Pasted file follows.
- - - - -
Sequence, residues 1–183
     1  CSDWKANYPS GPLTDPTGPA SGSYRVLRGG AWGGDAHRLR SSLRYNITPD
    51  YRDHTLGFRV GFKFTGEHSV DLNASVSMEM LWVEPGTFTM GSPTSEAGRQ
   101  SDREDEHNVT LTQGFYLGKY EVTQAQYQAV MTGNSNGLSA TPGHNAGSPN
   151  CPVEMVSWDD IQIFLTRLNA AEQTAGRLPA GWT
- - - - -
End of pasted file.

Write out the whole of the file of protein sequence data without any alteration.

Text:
Sequence, residues 1–183
     1  CSDWKANYPS GPLTDPTGPA SGSYRVLRGG AWGGDAHRLR SSLRYNITPD
    51  YRDHTLGFRV GFKFTGEHSV DLNASVSMEM LWVEPGTFTM GSPTSEAGRQ
   101  SDREDEHNVT LTQGFYLGKY EVTQAQYQAV MTGNSNGLSA TPGHNAGSPN
   151  CPVEMVSWDD IQIFLTRLNA AEQTAGRLPA GWT